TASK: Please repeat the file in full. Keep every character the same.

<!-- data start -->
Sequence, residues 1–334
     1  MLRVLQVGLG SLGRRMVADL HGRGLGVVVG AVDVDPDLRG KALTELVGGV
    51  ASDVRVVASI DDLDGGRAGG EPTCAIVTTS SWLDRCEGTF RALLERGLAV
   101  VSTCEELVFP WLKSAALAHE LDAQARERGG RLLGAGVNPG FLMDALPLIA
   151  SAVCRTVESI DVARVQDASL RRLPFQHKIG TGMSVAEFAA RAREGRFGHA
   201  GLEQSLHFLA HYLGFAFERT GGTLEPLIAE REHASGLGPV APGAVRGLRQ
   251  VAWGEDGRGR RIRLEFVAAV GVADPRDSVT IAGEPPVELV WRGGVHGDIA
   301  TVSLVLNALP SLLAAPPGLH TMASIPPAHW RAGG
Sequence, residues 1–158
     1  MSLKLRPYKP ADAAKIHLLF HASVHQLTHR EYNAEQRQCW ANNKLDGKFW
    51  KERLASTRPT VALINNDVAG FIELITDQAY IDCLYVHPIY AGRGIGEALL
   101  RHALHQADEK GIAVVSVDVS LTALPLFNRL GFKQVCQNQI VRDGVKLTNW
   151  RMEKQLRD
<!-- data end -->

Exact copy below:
Sequence, residues 1–334
     1  MLRVLQVGLG SLGRRMVADL HGRGLGVVVG AVDVDPDLRG KALTELVGGV
    51  ASDVRVVASI DDLDGGRAGG EPTCAIVTTS SWLDRCEGTF RALLERGLAV
   101  VSTCEELVFP WLKSAALAHE LDAQARERGG RLLGAGVNPG FLMDALPLIA
   151  SAVCRTVESI DVARVQDASL RRLPFQHKIG TGMSVAEFAA RAREGRFGHA
   201  GLEQSLHFLA HYLGFAFERT GGTLEPLIAE REHASGLGPV APGAVRGLRQ
   251  VAWGEDGRGR RIRLEFVAAV GVADPRDSVT IAGEPPVELV WRGGVHGDIA
   301  TVSLVLNALP SLLAAPPGLH TMASIPPAHW RAGG
Sequence, residues 1–158
     1  MSLKLRPYKP ADAAKIHLLF HASVHQLTHR EYNAEQRQCW ANNKLDGKFW
    51  KERLASTRPT VALINNDVAG FIELITDQAY IDCLYVHPIY AGRGIGEALL
   101  RHALHQADEK GIAVVSVDVS LTALPLFNRL GFKQVCQNQI VRDGVKLTNW
   151  RMEKQLRD